All music is poetry, but spoken word is a genre that truly builds a narrative around words. It’s been a niche market, never really dominating the public sphere in any impactful way. But that doesn’t mean that it hasn’t been impactful for a lot of people. One of the most appealing things about spoken word is that it is so deeply introspective, and covers a wide range of issues that speak to something within everybody. Artist Jasmine Mans made headlines when she performed a piece on the sexualization of females in music and it resonated with many young women.
The piece also stuck with LA based artist Brooke Jean, who speaks about similar issues in her work. She’s been performing since 2009 and has covered a plethora of hot topics including race in America and the rights of women. Her work is not in-your-face preachy, or anything too controversial; she’s an archivist, documenting the troubling issues and (lack of) response that her generation is facing right now.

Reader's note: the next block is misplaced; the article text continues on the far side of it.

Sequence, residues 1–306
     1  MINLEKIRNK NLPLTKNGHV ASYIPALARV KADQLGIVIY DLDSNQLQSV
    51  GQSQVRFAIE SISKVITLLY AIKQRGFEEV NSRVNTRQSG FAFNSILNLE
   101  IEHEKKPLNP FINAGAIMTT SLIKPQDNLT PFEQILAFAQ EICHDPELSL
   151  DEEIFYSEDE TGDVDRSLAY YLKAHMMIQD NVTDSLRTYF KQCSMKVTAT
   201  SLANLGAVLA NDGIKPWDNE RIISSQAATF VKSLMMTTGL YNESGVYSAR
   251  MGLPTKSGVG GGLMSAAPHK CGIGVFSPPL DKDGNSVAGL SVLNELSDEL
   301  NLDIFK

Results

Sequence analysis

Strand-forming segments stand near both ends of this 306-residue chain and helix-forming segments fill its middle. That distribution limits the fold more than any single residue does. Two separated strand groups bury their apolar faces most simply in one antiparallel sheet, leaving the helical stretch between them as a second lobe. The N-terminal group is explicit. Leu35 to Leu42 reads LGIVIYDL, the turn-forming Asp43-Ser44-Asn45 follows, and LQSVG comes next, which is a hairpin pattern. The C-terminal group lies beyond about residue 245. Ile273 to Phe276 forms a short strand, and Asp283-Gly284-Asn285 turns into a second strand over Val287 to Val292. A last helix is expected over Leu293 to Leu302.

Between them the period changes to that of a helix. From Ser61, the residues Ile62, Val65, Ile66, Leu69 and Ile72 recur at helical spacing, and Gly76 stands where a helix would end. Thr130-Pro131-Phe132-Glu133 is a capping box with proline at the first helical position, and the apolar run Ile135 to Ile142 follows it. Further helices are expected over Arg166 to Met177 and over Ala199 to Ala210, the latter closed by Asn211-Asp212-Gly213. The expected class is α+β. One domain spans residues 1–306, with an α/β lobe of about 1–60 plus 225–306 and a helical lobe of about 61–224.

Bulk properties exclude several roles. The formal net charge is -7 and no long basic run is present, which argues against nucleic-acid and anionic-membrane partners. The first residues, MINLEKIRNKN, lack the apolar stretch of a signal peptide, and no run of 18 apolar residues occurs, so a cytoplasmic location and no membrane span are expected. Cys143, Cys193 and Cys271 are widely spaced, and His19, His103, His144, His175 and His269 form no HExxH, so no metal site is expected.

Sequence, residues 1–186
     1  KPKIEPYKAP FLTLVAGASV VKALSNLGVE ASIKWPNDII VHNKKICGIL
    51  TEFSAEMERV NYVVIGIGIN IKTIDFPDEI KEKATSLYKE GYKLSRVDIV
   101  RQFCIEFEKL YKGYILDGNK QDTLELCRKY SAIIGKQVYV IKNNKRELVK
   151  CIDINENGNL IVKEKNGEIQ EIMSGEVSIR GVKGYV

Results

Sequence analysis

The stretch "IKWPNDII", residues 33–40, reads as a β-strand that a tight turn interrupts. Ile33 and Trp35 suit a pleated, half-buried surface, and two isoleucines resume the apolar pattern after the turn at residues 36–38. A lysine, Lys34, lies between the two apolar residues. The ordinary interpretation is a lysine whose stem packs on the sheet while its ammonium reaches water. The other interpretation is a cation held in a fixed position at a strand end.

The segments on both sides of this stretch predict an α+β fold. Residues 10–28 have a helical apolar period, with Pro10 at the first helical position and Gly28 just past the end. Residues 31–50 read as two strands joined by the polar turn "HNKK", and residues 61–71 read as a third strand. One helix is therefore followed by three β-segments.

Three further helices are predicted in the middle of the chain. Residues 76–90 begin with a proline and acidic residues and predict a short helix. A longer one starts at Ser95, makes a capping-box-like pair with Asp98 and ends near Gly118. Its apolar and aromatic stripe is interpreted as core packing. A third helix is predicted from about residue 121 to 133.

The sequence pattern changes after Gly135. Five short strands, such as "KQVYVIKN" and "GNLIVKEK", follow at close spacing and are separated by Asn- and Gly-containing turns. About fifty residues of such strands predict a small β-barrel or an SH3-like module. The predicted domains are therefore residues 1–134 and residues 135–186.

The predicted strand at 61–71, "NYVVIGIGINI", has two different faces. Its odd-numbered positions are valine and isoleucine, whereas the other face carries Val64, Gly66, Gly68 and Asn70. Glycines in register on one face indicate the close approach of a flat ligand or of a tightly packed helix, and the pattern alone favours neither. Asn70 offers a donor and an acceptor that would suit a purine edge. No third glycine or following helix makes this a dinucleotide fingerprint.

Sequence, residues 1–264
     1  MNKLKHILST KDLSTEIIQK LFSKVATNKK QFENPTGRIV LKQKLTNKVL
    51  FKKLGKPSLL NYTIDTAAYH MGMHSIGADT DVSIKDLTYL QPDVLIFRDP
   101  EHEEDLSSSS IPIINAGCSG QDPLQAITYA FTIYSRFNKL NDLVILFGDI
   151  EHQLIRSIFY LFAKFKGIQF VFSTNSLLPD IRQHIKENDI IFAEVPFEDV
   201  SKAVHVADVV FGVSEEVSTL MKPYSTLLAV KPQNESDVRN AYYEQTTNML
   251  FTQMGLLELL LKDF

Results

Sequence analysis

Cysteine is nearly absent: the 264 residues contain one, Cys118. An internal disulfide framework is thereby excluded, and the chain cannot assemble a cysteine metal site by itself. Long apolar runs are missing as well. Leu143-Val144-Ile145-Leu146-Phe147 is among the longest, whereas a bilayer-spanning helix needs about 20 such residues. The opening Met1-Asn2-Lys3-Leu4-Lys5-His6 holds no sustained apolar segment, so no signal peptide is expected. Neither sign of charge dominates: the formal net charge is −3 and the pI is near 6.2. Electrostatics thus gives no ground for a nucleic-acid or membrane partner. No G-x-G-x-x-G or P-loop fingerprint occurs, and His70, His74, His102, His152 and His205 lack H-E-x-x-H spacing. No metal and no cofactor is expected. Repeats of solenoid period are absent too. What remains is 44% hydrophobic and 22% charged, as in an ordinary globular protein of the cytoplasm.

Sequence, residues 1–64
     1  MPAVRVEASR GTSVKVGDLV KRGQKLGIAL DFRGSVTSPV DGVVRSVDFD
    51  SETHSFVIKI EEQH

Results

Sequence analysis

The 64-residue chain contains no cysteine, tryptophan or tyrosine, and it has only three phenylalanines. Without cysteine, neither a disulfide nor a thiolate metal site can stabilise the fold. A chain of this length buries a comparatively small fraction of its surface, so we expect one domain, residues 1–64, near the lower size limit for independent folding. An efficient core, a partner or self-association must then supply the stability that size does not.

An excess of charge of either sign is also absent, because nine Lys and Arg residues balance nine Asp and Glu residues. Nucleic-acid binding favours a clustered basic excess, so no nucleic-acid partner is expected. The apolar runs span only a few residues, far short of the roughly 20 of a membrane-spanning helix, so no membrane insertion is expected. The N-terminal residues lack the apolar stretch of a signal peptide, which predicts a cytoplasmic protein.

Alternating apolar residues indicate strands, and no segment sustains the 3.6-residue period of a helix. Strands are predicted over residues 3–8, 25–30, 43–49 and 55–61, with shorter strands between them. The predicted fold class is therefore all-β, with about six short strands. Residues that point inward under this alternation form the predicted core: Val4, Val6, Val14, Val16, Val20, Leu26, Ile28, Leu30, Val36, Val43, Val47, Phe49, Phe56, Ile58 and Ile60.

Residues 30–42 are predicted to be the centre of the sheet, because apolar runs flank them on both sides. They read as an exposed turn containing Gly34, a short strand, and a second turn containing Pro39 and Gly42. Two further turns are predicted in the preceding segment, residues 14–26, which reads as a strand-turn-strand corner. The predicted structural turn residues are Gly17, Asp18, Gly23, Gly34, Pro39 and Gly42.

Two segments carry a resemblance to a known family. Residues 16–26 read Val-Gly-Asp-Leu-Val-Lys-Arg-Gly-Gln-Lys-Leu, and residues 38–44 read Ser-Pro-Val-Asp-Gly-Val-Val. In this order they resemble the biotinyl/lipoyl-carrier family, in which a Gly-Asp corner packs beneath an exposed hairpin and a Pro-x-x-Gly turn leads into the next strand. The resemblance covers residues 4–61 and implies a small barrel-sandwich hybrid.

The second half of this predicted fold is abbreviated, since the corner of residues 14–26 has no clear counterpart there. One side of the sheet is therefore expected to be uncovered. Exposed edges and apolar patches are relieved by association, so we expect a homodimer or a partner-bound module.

Her second album Reform is a bit lighter fare and continues on with the constant themes of growth and compassion, in her work. The album stems from many experiences which Brooke faced in the last few years, as she grew as a poet and also suffered personal and professional setbacks. It’s the kind of thing that we all go through, but don’t want to share in the literal picture perfect society we’re morphing into. For her, to show vulnerability is the true essence of spoken word and something that she only feels comfortable expressing through writing and performing.
We caught her performance at a spoken word night and sat down with her after her show to discuss her roots in spoken word, her musical influences and her writing process as she worked on her second album.